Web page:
Suck it in ladies. We are going to catch dinner…
Years ago I got stuck in a poor breathing pattern possibly because I incorrectly interpreted complex breathing instructions via Pilates but mostly through crap advice via the fitness industry… belly in, chest up, pelvic floor tight aaaaaand moooove your arse. Looking back on it now it was the equivalent of lacing myself into a corset and going for a run. Pass me the smelling salts would you dear.
I think I pulled my belly in somewhere in the early 90’s and I didn’t let it out again until 2012. That’s tantamount to holding your bicep in one position for 20-odd years and still expecting it to function.
2012 was the year that I attended a lecture given by Douglas Heel, the creator of Be Activated. The lecture was entitled. ‘What if everything you are learning is wrong?’ He challenged many of the fitness industries contrived breathing methods, his reasoning was that that they induce a stress response in the body also known as fight flight. In this state, the body is in survival mode and it can’t learn. He taught me a simple technique that stimulated diaphragm function and increased my lung capacity. From that moment on things began to change for me. For one thing, the world became brighter as my optic nerve suddenly got the equivalent of a fuel-injected shot of oxygen and my long-term injury started to get better as my body shifted from a ball of stress to a relaxed state.Relaxation response
I learned that breathing into the diaphragm makes us stronger. I also learned that professional powerlifters use the scary waist belts because it can help them increase intra-abdominal pressure, reportedly by up to 40 percent. Increasing intra-abdominal pressure is similar to inflating a strong balloon inside your abdominal region which reduces compression of the intervertebral discs. They never mentioned that in core stability classes did they. Co contraction myth of Multifidus and TvA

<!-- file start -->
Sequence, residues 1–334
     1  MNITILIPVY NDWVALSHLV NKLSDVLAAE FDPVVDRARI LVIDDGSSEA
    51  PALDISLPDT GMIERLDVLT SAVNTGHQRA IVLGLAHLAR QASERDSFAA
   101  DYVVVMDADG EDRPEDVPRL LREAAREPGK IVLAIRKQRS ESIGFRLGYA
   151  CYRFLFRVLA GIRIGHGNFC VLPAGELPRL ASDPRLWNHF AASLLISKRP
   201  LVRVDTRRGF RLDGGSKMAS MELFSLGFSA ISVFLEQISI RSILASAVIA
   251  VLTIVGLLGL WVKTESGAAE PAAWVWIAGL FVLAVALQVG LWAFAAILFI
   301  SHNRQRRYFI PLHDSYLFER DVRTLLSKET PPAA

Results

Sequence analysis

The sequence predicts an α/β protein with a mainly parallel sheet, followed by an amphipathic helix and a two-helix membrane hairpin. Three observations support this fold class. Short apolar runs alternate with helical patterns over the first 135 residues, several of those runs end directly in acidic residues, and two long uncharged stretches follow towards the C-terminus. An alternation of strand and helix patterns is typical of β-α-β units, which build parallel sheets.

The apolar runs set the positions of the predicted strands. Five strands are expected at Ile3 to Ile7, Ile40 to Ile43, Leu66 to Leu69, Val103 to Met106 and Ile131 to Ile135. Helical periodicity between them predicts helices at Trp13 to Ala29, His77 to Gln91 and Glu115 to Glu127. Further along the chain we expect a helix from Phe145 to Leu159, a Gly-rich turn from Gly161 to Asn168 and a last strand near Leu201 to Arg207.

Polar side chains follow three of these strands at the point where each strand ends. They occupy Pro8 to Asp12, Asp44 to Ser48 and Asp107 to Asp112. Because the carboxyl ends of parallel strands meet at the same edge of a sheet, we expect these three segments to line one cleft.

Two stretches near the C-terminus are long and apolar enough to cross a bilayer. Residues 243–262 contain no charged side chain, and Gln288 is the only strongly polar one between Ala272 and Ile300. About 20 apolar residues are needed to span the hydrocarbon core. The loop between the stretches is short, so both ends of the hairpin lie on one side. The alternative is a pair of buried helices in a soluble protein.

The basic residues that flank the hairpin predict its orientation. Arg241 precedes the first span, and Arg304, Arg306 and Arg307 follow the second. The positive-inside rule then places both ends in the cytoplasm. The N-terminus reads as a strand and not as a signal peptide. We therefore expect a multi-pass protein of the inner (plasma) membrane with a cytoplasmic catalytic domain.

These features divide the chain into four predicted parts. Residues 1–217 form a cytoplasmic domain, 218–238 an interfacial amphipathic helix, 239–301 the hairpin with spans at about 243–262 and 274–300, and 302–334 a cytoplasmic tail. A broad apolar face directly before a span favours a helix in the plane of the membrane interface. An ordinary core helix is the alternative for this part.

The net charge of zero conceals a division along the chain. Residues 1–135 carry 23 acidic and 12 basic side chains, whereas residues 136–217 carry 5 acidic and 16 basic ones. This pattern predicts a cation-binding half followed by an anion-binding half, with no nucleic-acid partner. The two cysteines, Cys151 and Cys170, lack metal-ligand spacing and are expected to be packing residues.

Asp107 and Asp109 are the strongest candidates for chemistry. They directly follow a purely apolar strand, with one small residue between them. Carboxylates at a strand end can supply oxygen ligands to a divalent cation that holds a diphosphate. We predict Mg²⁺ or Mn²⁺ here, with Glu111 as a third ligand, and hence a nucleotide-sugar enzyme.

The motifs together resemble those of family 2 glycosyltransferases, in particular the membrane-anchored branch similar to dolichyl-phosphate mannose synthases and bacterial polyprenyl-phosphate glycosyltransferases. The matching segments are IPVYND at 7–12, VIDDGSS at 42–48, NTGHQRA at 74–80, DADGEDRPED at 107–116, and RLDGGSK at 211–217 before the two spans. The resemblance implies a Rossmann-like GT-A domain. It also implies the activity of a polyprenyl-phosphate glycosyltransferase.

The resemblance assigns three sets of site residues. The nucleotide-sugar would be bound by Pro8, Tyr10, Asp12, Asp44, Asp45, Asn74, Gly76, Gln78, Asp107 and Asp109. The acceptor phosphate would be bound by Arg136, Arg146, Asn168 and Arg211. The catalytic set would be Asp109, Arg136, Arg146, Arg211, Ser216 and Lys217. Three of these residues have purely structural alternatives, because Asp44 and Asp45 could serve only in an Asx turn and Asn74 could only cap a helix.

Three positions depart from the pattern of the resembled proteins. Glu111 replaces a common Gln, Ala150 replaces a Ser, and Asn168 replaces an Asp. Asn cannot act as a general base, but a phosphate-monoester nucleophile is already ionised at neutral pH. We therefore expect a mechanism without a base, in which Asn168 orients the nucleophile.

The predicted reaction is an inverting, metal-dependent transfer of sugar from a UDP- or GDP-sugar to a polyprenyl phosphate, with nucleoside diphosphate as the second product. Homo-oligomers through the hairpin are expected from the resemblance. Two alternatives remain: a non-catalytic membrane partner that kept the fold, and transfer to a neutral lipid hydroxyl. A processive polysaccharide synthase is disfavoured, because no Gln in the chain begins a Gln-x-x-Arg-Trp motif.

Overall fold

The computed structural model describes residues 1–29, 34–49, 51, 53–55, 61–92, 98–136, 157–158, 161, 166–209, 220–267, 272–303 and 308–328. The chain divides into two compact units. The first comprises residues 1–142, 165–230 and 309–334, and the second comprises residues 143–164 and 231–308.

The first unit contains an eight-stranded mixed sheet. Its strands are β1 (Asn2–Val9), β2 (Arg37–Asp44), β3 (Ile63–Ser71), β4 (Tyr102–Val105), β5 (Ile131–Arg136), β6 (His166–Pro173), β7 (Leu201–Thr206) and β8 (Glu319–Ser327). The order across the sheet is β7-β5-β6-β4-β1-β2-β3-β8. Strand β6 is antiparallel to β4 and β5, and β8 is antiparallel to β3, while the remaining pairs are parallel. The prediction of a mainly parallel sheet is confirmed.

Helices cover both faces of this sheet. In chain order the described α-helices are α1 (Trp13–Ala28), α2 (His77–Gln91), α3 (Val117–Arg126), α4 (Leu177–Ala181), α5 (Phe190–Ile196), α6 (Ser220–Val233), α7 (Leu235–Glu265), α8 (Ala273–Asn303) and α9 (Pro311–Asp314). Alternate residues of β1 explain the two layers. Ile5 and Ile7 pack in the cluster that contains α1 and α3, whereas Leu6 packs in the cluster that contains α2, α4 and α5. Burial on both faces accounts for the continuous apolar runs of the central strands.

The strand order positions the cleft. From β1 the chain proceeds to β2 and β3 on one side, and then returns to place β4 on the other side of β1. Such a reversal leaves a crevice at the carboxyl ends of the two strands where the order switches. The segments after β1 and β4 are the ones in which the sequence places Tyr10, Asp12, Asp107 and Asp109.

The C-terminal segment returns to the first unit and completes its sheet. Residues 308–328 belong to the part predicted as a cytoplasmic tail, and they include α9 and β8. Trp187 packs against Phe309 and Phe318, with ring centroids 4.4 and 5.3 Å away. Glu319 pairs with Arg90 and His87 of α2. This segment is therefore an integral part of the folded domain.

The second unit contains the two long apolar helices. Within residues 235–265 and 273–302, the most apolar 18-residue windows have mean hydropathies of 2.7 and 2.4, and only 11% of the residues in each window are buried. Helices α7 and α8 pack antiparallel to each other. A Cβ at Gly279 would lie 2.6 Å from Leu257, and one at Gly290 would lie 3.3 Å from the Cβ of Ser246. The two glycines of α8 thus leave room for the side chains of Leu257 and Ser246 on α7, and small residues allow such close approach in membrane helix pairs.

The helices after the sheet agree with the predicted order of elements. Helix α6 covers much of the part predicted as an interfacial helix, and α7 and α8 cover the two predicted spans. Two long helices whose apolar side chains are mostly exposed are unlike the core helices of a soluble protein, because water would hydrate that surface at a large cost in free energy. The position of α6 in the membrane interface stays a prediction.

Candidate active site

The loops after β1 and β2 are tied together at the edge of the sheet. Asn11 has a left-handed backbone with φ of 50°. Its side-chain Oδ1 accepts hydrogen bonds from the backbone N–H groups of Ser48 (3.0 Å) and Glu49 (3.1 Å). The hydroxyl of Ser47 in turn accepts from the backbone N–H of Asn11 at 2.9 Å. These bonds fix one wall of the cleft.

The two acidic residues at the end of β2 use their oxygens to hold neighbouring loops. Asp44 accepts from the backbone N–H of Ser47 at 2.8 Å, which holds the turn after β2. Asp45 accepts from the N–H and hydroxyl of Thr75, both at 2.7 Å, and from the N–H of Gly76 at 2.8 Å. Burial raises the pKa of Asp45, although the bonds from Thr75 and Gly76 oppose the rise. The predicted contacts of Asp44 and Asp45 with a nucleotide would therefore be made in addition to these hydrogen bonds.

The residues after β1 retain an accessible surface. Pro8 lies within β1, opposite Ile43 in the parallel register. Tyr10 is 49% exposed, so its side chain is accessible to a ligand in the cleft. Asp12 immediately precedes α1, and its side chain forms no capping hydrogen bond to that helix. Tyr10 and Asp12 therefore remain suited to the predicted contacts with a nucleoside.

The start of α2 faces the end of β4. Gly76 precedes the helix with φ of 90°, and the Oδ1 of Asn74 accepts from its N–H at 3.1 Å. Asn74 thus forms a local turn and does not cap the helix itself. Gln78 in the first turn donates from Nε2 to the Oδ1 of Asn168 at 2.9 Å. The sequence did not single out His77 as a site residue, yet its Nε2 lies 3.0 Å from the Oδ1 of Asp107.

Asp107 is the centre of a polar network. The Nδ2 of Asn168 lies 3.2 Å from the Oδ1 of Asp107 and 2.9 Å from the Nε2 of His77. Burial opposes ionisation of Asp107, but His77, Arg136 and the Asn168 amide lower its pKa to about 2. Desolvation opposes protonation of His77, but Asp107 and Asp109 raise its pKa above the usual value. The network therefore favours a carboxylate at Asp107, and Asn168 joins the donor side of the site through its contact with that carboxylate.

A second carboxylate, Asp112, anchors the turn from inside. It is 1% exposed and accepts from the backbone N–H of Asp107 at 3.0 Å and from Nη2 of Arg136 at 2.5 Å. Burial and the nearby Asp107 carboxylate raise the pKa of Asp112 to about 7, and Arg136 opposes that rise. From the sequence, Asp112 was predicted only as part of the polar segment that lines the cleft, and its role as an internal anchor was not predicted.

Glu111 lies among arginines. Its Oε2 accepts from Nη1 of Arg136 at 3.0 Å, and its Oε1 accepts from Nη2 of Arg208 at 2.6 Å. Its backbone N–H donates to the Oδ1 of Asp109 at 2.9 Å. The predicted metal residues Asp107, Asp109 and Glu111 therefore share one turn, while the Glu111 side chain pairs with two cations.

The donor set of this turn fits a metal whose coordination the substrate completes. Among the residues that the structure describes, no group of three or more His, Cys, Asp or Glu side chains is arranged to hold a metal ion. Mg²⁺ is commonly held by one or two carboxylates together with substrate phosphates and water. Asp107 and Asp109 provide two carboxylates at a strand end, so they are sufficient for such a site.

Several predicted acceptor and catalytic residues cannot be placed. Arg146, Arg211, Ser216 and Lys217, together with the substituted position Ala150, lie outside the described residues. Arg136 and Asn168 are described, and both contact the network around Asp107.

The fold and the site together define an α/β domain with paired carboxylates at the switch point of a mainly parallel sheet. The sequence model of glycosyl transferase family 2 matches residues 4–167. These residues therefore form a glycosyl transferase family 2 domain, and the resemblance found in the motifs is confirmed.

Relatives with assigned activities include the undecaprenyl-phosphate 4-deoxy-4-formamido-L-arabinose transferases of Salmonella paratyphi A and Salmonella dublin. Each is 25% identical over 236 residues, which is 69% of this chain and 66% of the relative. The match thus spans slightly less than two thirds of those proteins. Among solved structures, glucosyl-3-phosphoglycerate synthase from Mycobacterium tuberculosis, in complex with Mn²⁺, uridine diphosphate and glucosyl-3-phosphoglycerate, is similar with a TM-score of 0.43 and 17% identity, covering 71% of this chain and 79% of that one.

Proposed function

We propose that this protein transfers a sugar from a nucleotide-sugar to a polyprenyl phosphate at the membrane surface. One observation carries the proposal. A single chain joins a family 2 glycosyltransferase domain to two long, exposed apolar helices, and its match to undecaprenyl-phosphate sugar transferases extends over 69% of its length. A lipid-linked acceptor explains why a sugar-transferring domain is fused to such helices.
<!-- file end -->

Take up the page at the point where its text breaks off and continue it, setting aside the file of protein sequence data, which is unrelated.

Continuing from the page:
Armed with this new and brain scrambling information I began to see evidence of this everywhere. I noticed that my niece would take a breath and hold it in if she didn’t want to be picked up, which made this tiny little girl seem much more solid and heavier. My sister’s mental dogs did a similar thing. They would sit and fill their bellies and slowly pant – and occasionally aim a well-placed jab to your head if they didn’t want to be moved… Never work with kids and animals.
Adopting a natural state of breathing is imperative for our well-being and our mental health. On that note, I’m taking my lead from the law of the jungle.
‘Suck it in ladies. We are going to catch dinner. ‘ Said no lioness ever.